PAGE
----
“If Owen is not an open town for the sale of intoxicants, we have more generous “treaters” to the square inch than any town in the state.”  News Herald, April 30, 1908 “Mrs. Field closed a series of temperance lectures Tuesday night.  Two-hundred and sixty signed the pledge and put on the ribbon.”  Owen County Democrat, March 11, 1886.
  In 1969, Edna Talbott Whitley compiled a list of Cabinetmakers in Kentucky.  The Owen County portion of that list is here. Leading Owen County Citizens of 1847, here. A few words on the Greenup Fork Baptist Church can be found here. (pdf)
In 1930, Kentucky Progress Magazine ran a feature letting each of Kentucky's counties list their accomplishments for 1929.  What Owen County came up with is here. (pdf) The editor of the News-Herald takes a field trip to New Liberty and Wheatley in 1905.  What he wrote about his trip is here.
Data on Owen County state banks of 1907 are here; national banks here. Owen County Sheriff in shootout in Carrollton, here.

“James P. Jump is the champion egg-eater of Owen county, Kentucky, and proved his right to the title the other day by devouring twenty-two eggs.  He wants to eat eggs against any man in the State for $50.”  Indianapolis News, March 5, 1895

Lynching threatened in Owenton in 1903, here. Camp Meeting in Dallasburg goes for three days, story here. The failure of a 1902 lynch mob, here. A site dedicated to the bridges of Owen County is here.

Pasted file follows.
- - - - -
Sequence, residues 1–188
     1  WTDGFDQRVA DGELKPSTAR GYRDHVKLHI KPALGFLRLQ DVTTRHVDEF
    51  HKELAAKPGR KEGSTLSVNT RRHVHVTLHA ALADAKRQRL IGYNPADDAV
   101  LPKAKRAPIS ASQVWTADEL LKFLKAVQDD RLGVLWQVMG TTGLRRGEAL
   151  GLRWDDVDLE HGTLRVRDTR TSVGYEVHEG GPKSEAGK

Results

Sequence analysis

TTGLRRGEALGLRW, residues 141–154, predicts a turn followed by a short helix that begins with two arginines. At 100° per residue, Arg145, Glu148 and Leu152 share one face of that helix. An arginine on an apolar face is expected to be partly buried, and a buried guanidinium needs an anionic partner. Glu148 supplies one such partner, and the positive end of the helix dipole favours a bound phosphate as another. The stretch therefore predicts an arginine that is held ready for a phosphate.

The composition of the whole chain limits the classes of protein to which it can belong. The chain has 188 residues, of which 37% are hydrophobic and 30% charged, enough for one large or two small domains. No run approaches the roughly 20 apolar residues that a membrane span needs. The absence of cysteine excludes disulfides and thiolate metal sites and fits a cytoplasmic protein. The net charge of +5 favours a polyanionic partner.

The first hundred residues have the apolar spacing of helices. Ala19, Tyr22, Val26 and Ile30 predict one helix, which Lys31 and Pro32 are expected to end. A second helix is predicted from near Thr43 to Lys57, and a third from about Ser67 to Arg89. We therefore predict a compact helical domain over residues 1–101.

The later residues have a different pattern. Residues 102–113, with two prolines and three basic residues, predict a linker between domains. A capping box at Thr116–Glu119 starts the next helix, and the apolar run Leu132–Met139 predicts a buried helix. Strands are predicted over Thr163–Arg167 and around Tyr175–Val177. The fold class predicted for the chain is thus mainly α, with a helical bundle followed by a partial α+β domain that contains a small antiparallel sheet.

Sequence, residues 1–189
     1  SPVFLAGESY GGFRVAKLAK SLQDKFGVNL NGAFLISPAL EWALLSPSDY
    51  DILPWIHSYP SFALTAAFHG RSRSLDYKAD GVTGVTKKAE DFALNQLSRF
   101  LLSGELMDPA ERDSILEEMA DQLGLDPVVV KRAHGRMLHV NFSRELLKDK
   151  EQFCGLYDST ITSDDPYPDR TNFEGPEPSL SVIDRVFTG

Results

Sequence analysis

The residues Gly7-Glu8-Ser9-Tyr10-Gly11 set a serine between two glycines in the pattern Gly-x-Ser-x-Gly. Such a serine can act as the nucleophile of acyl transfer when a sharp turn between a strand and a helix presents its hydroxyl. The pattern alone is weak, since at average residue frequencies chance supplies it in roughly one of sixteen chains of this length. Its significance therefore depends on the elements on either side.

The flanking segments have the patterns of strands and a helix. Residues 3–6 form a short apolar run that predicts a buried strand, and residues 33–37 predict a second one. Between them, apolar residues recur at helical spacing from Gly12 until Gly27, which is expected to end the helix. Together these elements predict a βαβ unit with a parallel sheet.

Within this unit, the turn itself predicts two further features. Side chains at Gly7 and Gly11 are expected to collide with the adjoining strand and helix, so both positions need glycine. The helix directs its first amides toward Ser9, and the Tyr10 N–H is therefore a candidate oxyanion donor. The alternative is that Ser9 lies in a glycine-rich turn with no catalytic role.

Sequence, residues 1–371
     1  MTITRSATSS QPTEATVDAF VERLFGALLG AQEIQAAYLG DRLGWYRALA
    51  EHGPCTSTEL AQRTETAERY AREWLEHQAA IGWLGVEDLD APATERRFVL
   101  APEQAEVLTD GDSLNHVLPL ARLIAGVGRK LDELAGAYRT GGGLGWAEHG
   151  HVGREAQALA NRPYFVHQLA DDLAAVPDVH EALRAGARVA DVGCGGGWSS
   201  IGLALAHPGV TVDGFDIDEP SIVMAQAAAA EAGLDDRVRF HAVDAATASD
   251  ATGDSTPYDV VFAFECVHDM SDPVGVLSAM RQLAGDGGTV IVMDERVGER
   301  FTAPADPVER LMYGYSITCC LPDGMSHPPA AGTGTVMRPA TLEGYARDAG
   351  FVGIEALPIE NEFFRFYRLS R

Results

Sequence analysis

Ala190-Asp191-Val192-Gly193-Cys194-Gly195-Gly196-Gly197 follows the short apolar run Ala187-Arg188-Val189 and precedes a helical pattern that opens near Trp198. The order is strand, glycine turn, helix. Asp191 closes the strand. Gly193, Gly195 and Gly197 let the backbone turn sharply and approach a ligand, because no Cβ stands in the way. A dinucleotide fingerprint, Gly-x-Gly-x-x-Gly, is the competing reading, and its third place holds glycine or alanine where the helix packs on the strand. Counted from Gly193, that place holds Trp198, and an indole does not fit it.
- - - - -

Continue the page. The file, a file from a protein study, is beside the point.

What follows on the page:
Report from Owen County Kentucky By J. W. Cammack from the Handbook of Kentucky by the Kentucky Department of Agriculture, 1908, here. (pdf) “A woman has been presented to the grand jury of Owen county on the charge of being a witch.” Courier Journal, May 18, 1869 “The Owen News reports the passage though Owenton of a Mormon elder named Smoot, to visit cousin G. W. Smoot, near Pleasant Home, Owen county. Elder Smoot was born in Owen county and emigrated to Utah forty years ago. He has five wives and twenty-two children and is very rich. It is also said that he has a wife yet living in Owen county, to whom he was married before he left.” Courier-Journal, December 18, 1880
The Sponsors of the 1907 Tri-County (Carroll, Gallatin, Owen) Fair in Sanders are listed here. (pdf)60 Pages of ads from merchants of those three counties, plus Vevay. Thanks to Dale Samuel for the images. A status report from the Superintendent of Schools in Owen from 1900 is here. The 1907 report is here.
Auntie Gross turns 103, here. In 1944, a California newspaper sent a reporter around the country to write feature articles on various towns. He found Owenton, and wrote this piece. Accounts of the 1876 lynching of Henry Smith and Squire Hammond are here, and here. An Overview of Kentucky River Locks and Dams, here.